Dollarization in Zimbabwe
- Pages: 4
- Word count: 995
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The small African nation of Zimbabwe gained independence in 1980, and it was in the same year that the Zimbabwean dollar replaced the Rhodesian dollar at par rate as the official state currency. In its younger years Zimbabwe was seen by many as a contender to give South Africa a tough fight for the top spot in Africa for economic supremacy. No one could have predicted what was to follow. Zimbabwe entered the 21st century on the verge of being labeled a failed state. A title It was about to receive courtesy of an economic slump rarely seen In the Sub- Sahara African continent.
Hyperinflation had a firm grip on the nation’s economy within the early years of the new Millennium such that inflation was at 24000%. The 100 trillion dollar notes were being used as toilet paper and crowds sweeped the nation holding signs that sald”broke billionaire, help! “.. Hyperinflation is a phenomena in which the domestic currency of a state becomes so much devalued that it barely has any value left, In other words hyperinflation results due to the xcess supply of domestic currency In the national money market.
This results in an Imbalance of demand and supply of monet which eventually leads to Inflation splrallng out of control. There have been around 29 such cases ot hyperinflation in recent memory. Hyperinflation is primarily a monetary phenomenon that has been tackled by various government with different strategies. Zimbabwe turned to the dollarization of its economy to counter this economic disease. The focus of this paper will be to analyze the underlying causes which lead to Zimbabwe dollarizing, and the subsequent effectiveness of this trategy Cause of Hyperinflation and eventual Dollarization. ong economists for a decade.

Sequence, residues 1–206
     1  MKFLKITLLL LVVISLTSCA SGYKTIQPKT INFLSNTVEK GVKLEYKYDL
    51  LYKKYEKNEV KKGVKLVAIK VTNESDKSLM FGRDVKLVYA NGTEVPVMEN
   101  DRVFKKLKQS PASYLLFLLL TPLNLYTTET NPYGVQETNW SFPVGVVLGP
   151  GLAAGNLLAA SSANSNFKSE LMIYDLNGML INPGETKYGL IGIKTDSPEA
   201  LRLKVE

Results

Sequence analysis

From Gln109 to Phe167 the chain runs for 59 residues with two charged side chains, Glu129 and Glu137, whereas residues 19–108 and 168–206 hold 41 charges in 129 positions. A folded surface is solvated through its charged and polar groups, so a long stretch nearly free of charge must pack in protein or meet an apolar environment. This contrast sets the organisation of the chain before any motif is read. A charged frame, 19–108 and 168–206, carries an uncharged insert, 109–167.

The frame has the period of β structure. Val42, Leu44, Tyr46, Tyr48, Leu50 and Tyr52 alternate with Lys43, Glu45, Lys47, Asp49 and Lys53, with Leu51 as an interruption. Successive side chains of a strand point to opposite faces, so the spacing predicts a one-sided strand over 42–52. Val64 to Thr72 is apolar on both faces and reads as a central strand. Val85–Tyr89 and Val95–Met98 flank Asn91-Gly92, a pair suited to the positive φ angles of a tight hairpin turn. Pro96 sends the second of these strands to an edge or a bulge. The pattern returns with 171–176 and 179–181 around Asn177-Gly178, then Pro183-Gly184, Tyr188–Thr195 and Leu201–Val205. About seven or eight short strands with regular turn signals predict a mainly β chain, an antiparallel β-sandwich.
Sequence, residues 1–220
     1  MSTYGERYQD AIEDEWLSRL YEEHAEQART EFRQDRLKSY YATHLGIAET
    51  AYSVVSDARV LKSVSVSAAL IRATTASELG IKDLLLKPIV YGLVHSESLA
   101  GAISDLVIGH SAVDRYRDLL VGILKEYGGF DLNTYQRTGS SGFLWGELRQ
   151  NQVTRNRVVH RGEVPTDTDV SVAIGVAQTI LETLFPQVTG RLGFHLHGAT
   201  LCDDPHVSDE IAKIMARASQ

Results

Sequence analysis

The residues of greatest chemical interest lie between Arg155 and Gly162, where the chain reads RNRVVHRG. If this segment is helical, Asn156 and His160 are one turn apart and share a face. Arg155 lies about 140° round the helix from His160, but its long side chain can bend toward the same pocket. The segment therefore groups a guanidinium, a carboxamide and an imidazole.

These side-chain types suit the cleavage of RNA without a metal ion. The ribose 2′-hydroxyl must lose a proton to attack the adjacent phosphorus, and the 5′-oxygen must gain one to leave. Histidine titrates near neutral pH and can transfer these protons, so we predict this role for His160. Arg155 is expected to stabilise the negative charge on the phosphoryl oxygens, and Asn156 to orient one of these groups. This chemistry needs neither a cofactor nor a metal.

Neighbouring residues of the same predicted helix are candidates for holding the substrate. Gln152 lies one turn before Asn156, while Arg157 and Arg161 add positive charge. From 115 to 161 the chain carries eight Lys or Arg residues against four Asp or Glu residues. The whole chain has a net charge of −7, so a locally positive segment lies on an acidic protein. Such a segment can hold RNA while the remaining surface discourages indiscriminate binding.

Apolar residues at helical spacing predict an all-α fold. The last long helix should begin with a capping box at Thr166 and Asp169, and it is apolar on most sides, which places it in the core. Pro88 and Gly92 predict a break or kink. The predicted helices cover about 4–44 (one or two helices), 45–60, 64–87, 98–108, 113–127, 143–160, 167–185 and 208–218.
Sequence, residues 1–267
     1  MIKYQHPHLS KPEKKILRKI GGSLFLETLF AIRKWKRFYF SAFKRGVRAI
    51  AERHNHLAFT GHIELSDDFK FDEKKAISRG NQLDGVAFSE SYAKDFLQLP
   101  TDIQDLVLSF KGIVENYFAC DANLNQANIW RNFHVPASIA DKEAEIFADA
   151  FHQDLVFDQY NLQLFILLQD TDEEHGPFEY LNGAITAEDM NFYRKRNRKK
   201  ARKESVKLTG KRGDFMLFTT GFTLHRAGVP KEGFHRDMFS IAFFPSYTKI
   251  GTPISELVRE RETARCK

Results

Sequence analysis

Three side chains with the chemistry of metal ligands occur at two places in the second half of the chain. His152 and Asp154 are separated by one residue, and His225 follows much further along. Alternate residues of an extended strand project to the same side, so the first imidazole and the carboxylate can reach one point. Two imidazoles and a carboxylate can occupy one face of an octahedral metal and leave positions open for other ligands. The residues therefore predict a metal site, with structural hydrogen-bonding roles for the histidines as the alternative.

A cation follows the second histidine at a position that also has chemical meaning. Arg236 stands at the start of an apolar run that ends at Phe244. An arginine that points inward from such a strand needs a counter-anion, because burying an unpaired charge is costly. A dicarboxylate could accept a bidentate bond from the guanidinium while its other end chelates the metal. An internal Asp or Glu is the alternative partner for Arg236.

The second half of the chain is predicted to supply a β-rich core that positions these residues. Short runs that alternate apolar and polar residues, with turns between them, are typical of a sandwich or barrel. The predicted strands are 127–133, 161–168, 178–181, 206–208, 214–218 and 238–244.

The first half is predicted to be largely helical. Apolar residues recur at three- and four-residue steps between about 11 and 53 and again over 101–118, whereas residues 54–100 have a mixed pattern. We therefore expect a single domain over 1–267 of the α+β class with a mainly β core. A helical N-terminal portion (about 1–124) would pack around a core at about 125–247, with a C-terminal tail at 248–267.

Though there are a few areas on which experts disagree, there also exist reasonably well established reasoning for the economic downfall of the small African nation. A frequently cited reason is the extravagant and many will argue non feasible agricultural policy put in place by the government in 2000. The brain behind the implementation of this policy was the then president Robert Mugabe. Mugabe saw that over 80% of Zimbabwean land was owned by the white minority. In Mugabe’s eyes this ndermined the native population as they were being deprived of economic opportunities .
Seeking to amend this trend Mugabe drove off well experience farmers from their land and replaced them with a work force that lacked the expertise and equipment to make a value contribution to the agricultural sector. Zimbabwe had always been a agrarian economy with 40% of foreign exchange revenue depending on farm produce. This sudden change cause a massive shortage in agricultural produce, which in turn caused exports to nose dive resulting in a huge BOP deficit and eventual budget deficit. Output dropped to levels which were unprecedented, and Zimbabwe became an imported of food.